The Efficacy of Omega-3 Fatty Acids on Cognitive Function in Aging and Dementia

A Systematic Review

Published in: Dementia and Geriatric Cognitive Disorders, v. 21, no. 2, Jan. 2006, p. 88-96

Posted on RAND.org on December 31, 2005

by Amalia M. Issa, Walter Mojica, Sally C. Morton, Shana Traina, Sydne Newberry, Lara Hilton, Rena Hasenfeld Garland, Catherine MacLean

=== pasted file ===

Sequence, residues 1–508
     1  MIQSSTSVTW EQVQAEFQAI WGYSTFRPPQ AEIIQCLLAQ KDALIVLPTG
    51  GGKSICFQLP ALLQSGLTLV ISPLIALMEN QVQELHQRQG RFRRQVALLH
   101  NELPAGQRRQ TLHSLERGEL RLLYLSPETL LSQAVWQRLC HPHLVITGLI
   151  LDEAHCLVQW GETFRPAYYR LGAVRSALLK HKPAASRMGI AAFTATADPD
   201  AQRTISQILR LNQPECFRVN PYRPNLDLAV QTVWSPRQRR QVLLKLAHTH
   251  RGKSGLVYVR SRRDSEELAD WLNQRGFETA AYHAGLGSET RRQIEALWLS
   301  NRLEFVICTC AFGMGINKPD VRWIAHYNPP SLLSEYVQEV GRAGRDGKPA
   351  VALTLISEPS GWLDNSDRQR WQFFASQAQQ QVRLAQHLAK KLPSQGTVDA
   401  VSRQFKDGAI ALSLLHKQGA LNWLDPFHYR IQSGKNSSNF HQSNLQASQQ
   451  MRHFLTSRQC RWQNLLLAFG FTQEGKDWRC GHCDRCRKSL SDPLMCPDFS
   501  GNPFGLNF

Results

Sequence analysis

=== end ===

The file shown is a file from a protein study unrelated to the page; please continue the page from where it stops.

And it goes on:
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The authors systematically reviewed the published literature on the effects of omega-3 fatty acids on measures of cognitive function in normal aging, incidence and treatment of dementia. Computerized databases were searched for published literature to identify potentially relevant studies with the intent to conduct a meta-analysis. They screened 5,865 titles, reviewed 497 studies of which 49 underwent a detailed review, and found 5 studies that pertained to our objectives. The authors included controlled clinical trials and observational studies, including prospective cohort, case-control, and case series designs; we excluded case reports. The authors had no language restrictions. They abstracted data on the effects of omega-3 fatty acids and on study design, relevant outcomes, study population, source, type, amount, and duration of omega-3 fatty acid consumption, and parameters of methodological quality. A single cohort study has assessed the effects of omega-3 fatty acids on cognitive function with normal aging and found no association for fish or total omega-3 consumption. In four studies that assessed the effects of omega-3 fatty acids on incidence and treatment of dementia, a trend in favor of omega-3 fatty acids (fish and total omega-3 consumption) toward reducing risk of dementia and improving cognitive function was reported. The available data are insufficient to draw strong conclusions about the effects of omega-3 fatty acids on cognitive function in normal aging or on the incidence or treatment of dementia. However, limited evidence suggests a possible association between omega-3 fatty acids and reduced risk of dementia.

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